Match Reports Print

Match Reports for 2006

At last, the long-awaited cricket season has come round again. All the usual signs are there: everyone has begun playing football, the green has been  own to reveal the debris left from the revelries of 2005, the pavilion has been customarily mutilated by wannabe Wayne Rooneys hoofing a pig’s bladder at the woodwork and mini versions of Sevvy Ballasteros have appeared with golf balls and number 3 woods looking for a suitable passing cyclist or  pedestrian in need of decapitation.

Never mind. Be content with the thought that the angels in white flannels will be ambling out on to the hallowed turf later this month. You could be one of them. The transfer window is still open – in fact, it’s stuck and we are unable to close it. If you prefer to be a spectator, tickets are available from all good touts.

Those loans. A statement.

During recent weeks, certain newspapers representative of the gutter press have seen fit to publish scurrilous stories alleging that one may have been seeking disproportionate recognition in return for financial loans to a local village cricket club. One’s motives for making available a few ready-cash advances from time to time were the highest possible – some would say altruistic. A village cricket club needs funds to perpetuate itself and extend its ideals across the country even as the airwaves are filled at peak viewing times with conflicting broadcasts by political parties supported by donations from wealthy businessmen driven only by a base vision of themselves draped in ermine robes and lounging on red leather benches somewhere within the premises of the Palace of Westminster.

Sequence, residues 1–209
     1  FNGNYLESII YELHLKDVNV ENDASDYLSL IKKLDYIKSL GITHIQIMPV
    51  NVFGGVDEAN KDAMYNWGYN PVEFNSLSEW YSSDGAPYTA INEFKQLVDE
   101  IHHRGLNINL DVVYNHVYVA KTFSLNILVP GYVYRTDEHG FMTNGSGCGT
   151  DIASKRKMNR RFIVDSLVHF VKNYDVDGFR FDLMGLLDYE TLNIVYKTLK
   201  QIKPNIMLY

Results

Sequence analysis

Naturally, having infused the bank balance of one’s local cricket club to a handsome degree, one would not be so churlish as to decline such an honour if it were offered. However, it seems that one’s best  ntentions have been misinterpreted. One may have hinted that the offer of a seat in the Lords might be a fitting response to such a selfless, philanthropic gesture, but when the club’s letter of appreciation duly arrived, it contained a permit to occupy a seat at Lord’s – and that for only a single day to witness part of a test match against Bangladesh. It would seem that dyslexia has become the principal qualification for the village cricket club secretary of the twenty-first century.

Last Updated on Saturday, 01 July 2006 14:54
 
 

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